Leadership Faculty

BrianRev. Brian Beckstrom
Campus Pastor, Adjunct Instructor

The core conviction that guides my teaching can be summed up in the words of Vince Lombardi…“Leaders are made, not born”.  I am passionate about challenging students to discover the leader within and nurturing their growth. As a Pastor I’ve been deeply influenced by the leadership of Jesus who spent three years forming twelve leaders to carry on his ministry. Jesus was a Jewish Rabbi who taught his disciples by using an action reflection model. He would model leadership for his disciples and then encourage them to go out and try it out on their own.

When his students returned Jesus helped them reflect on their successes and failures, usually by asking them questions. Jesus rarely gave answers to his disciples because he knew that leadership isn’t simply about having the right information. It is about developing the capacity to manage yourself, see the systems at work, and mobilize action. You don’t have to be a Christian to appreciate the type of leadership Jesus modeled. These same principles can be found in contemporary leadership theory, particularly in the work of Ron Heifetz and Marty Linsky, Margaret Wheatley, and Peter Senge.

LangAshley Lang
Director of Campus Programming & Assistant Director of the Institute for Leadership Education

I believe that we must have a clear understanding of our personal identity - who we are, what we value and why we do what we do before we can expect to lead others. Understanding ourselves is only one piece of the leadership journey. We then need to understand what role we play in leadership and followership. We need to challenge and nurture our peers, while pushing to be our best version of self.

I believe in offering a balance of challenge and support in developing the holistic student. It’s important that this development occurs through the curricular and co-curricular lens. Leaders have a choice in who they are and who they can be. This is discovered through personal reflection, moving out of their comfort zone and taking risks. Leadership is about discovering purpose and moving that into action. It’s important to develop the passion and confidence necessary in order to create a vision and then be willing to act. Understanding yourself gives insight into how one can best interact with others, as well as what to expect when working with others – why people act the way they do.

Leadership as defined by the Institute for Leadership Education is, “Taking responsibility for our communities, and making them better through public action.” By being aware of how we lead and why, there is a better understanding of how one can best impact their community and make a difference in the lives of others.

KittleDr. Dan Kittle
Director, Center for Community Engagement

I believe that leadership should be informed and intentionally integrated with personal identity development and in response to social challenges and opportunities.  How do we know what we know?  Why do we believe what we believe?  How have we come to understand leadership?  These are questions we must address first in order to practice leadership holistically and with integrity.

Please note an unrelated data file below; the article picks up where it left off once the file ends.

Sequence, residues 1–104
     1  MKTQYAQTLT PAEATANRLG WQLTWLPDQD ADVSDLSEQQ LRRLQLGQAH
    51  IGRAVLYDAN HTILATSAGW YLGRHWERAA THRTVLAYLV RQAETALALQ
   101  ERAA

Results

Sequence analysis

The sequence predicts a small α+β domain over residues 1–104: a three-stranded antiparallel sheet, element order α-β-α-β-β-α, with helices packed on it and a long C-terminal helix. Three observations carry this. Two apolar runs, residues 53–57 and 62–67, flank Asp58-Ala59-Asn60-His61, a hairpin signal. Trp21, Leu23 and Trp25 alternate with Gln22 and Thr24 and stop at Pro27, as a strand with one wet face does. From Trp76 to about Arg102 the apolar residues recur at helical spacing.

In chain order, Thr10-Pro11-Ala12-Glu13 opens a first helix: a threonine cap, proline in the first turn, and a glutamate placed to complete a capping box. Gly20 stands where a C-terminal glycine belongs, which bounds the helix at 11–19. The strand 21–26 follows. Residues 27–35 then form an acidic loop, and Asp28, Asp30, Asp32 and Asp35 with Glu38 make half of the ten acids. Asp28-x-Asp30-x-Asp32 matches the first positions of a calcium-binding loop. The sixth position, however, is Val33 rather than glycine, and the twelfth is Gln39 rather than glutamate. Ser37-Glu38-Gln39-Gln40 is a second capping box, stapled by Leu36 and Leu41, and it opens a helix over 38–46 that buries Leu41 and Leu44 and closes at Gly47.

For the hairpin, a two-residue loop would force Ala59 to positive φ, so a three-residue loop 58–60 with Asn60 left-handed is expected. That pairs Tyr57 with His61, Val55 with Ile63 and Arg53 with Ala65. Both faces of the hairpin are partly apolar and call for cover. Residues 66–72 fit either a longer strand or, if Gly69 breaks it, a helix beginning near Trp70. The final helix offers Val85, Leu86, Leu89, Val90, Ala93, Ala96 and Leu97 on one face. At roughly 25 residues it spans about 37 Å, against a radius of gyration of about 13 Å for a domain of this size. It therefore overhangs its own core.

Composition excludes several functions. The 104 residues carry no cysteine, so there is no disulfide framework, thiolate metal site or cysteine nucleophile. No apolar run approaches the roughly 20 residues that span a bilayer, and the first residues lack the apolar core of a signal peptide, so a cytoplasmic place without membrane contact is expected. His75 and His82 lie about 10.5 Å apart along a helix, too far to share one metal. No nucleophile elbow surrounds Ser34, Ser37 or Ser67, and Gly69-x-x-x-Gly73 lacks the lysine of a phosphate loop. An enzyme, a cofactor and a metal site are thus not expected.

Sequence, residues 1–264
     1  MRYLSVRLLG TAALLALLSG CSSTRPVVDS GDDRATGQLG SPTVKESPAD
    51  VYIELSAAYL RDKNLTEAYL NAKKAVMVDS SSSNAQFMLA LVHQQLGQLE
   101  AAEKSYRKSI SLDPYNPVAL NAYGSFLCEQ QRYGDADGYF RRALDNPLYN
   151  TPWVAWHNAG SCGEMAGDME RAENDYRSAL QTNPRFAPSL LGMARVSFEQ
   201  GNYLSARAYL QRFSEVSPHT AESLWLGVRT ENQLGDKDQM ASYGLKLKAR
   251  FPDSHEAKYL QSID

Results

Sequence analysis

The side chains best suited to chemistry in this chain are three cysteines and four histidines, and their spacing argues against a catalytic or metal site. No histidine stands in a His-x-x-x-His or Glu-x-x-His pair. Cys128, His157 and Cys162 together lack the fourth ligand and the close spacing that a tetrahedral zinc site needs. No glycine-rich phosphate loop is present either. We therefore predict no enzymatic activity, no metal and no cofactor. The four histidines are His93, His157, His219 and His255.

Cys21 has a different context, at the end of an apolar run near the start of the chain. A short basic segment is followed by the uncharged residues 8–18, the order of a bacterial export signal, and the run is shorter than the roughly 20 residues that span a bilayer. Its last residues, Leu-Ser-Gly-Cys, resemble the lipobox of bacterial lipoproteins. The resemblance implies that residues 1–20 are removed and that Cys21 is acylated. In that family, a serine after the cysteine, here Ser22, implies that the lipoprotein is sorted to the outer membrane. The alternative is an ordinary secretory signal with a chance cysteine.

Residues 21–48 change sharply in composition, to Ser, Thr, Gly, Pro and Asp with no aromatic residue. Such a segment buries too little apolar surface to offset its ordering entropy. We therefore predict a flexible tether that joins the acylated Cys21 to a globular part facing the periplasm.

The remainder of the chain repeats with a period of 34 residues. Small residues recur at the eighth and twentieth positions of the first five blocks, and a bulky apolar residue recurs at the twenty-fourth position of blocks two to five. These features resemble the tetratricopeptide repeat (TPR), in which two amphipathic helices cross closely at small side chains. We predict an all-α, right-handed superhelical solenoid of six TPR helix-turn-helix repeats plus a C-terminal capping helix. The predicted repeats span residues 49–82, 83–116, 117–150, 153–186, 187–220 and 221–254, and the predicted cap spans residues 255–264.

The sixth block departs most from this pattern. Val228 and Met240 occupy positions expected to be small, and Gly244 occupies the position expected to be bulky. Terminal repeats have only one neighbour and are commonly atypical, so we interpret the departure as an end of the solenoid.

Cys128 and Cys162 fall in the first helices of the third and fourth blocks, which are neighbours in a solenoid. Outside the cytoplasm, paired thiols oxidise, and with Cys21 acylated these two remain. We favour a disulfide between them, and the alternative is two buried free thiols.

Then, through analyzing models, critical reading, and personal reflections we can examine leadership theories.  How have others thought about leadership?  What are the best practices of leadership?  Informed by these leadership theories and practices, I believe we must ask our students to explore, identify, and critically examine the challenges and opportunities that they find in today’s communities.  In other words, how can students understand and impact aspects of our society that are in need of transformation?  And, how can they do this in a way that is informed by their personal identity development and vocational discernment?  This is where a service-learning pedagogy challenges and stretches students to engage and reflect on these issues in communities that are often new to them. 

Overall, the study of leadership is dynamic because it is rooted in self and informed by multiple disciplines.  Like the mission of Wartburg, it is in an invitation for students to reflect on the relationship between education, socialization, liberation, and personal development. 

Bill SoesbeDr. Bill Soesbe
Director of the High School Leadership Institute and Assistant Professor of Education

“Taking responsibility for our communities, and making them better through public action” is the definition of leadership within the Leadership Institute and although I have always lived my life with this emphasis it was not until I came to Wartburg that I really understood what it truly meant.  I believe that all can be leaders and each one of us has something to offer our communities.  It is one of our responsibilities as citizens.